Hence my interest in spotting “for sale” signs as we went around those bends again early on Sunday afternoon. Four years into this depression of a recession I feared the worst, but guess what? I was pleasantly surprised.

The mass of “for sale” signs have skipped town, maybe with those who have emigrated in search of a better life. We spotted only two from one corner to the next as well as a couple of “for rent” notices on commercial prospects.

Maybe nobody is buying anything anymore in Ireland. Maybe the recession has bottomed out in Cavan. Maybe things are going to get better.

Who knows, but it was good to see life has returned to something approaching normality in that part of the world.

There was a feel-good factor an hour up the road in Ballyshannon as well -- fueled perhaps by the fact that this was Buckfast City for the weekend as that cheap and sweet wine produced by English monks appeared to be the tipple of choice for so many blues fans at the open-air gigs.

The tone for the day was set by a band from the locality called the Skins. As Louth were getting hammered by the Dubs on the TV screens in the nearby bars the Skins did a great Gallagher impersonation, fueled by a brilliant guitarist and a great singer.

Sadly -- and it was sad -- said singer announced that this was to be their last gig together. Maybe we can start a Skins appreciation weekend in the future! We should.

Later that night, and back in the Big Top added to the festivities this year, Pat McManus played out of his skin and the great Horslips, with fan and hack John Watters dancing in time with the beat, rocked the circus tent.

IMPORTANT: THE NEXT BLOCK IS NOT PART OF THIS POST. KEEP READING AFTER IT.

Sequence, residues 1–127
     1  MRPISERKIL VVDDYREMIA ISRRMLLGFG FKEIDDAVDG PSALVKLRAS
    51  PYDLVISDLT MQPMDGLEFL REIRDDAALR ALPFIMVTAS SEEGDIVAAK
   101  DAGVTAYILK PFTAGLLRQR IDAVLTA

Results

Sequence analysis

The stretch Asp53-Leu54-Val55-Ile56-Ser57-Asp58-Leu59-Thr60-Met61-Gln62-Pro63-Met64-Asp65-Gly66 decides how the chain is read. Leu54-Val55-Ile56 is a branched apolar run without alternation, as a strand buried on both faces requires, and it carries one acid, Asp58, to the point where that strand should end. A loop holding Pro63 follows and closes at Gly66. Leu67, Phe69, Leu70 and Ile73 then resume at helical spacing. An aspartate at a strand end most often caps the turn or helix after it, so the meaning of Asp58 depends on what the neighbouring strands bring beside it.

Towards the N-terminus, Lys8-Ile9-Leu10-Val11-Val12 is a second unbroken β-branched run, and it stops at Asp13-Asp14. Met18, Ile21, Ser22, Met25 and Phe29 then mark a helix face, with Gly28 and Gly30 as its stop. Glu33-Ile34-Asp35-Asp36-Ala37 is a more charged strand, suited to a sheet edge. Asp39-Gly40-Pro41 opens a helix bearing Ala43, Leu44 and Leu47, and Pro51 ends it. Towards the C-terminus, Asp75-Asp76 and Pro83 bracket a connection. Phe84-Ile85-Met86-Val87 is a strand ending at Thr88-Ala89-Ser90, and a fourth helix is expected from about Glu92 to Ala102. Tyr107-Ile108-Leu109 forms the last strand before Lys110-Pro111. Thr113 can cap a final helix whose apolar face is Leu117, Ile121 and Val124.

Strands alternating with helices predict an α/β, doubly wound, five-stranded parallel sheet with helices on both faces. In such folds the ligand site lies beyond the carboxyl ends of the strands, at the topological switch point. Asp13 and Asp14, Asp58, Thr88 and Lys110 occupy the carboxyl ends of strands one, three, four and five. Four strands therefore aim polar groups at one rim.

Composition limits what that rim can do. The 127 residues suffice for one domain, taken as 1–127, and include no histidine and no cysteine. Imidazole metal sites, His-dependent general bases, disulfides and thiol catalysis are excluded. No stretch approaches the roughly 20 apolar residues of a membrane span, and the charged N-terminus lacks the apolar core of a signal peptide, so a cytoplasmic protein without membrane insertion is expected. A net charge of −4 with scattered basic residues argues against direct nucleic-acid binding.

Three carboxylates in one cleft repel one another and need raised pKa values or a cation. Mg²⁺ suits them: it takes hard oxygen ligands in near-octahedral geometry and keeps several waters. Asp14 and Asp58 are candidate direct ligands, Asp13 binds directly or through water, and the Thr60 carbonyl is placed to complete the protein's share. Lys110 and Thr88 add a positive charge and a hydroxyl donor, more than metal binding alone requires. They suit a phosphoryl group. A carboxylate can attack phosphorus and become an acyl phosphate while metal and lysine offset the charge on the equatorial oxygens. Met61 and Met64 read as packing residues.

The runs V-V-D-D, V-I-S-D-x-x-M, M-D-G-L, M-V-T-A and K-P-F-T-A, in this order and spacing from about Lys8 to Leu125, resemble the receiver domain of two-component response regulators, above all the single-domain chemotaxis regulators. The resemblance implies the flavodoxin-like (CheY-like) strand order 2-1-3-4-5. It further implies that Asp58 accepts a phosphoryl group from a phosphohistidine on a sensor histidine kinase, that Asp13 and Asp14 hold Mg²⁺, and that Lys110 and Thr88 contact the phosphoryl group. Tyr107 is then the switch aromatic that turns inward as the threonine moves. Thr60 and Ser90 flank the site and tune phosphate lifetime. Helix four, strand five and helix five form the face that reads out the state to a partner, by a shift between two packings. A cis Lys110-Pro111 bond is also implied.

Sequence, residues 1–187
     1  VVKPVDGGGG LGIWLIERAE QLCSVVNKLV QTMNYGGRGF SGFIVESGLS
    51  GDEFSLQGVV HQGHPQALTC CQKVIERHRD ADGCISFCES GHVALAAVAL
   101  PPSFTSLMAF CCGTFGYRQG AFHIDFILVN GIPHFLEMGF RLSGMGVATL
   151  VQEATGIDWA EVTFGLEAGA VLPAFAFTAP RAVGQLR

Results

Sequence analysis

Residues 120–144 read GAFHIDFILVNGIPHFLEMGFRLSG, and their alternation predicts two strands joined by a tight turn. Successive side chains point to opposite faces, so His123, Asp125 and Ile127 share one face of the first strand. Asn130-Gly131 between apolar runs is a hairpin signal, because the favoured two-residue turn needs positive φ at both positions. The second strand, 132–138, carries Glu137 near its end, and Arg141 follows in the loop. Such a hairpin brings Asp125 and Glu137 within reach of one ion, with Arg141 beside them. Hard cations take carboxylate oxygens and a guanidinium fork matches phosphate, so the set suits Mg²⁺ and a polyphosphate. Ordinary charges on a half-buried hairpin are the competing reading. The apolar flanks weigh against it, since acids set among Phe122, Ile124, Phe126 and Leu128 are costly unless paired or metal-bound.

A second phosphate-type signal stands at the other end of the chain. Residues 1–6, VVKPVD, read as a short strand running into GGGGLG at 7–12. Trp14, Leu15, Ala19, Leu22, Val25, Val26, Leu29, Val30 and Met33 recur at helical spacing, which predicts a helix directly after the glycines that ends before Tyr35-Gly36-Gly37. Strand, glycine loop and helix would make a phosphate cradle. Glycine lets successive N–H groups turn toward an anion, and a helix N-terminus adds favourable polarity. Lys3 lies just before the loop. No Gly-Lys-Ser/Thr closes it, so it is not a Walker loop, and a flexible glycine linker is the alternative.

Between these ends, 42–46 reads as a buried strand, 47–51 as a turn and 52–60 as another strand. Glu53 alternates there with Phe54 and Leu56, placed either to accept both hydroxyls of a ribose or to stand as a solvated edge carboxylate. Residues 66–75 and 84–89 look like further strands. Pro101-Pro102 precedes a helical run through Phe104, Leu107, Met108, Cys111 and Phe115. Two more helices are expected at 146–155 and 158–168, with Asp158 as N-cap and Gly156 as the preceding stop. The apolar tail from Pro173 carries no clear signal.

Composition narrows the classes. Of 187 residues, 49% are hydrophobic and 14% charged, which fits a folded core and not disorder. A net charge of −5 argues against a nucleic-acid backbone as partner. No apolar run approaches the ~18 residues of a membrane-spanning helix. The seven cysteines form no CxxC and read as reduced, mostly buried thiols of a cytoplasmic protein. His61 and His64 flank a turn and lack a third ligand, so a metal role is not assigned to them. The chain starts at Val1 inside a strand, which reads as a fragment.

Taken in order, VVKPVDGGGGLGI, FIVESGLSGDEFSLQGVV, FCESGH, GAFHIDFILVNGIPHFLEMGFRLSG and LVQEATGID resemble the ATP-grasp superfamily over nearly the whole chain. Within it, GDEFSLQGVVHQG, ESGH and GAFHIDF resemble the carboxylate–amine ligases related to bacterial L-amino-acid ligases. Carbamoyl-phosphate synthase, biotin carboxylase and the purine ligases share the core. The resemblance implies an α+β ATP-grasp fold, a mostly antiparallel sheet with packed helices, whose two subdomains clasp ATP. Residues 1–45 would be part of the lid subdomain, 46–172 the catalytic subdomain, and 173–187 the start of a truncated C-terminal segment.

And just after midnight, the European Championships began for me. Not in Poland or the Ukraine, not in Poznan or Gdansk but under canvas and a Donegal skyline.

Having, as Con Houlihan so famously and greatly put it, missed the 1990 World Cup because I was at the tournament in Italy and also the two that followed, I have always wondered what it must be like to watch Ireland perform on a big stage from afar.

On Sunday night last I got my answer as Horslips sang “Dearg Doom” and a thousand or so people went wild with delight.

“Dearg Doom” is basically a song of the Cuchulainn era when Irish giants ruled the land. It is also the mainstay of the “Put ‘Em Under Pressure” tune co-written by Larry Mullen of U2 fame, and one that has served as the national anthem of Irish soccer ever since Big Jack’s team recorded it in Windmill Lane in 1990.

Horslips left the stage after “Dearg Doom” on Sunday night, but the crowd weren’t having it. They screamed out for more and a circus tent united in a chorus of “Ole Ole Ole.”

The hairs rose on the back of the neck. When the band returned, affable bass player Barry Devlin remarked, “If the Irish fans sing it that loud in Poznan next week we’ll make the quarterfinals.”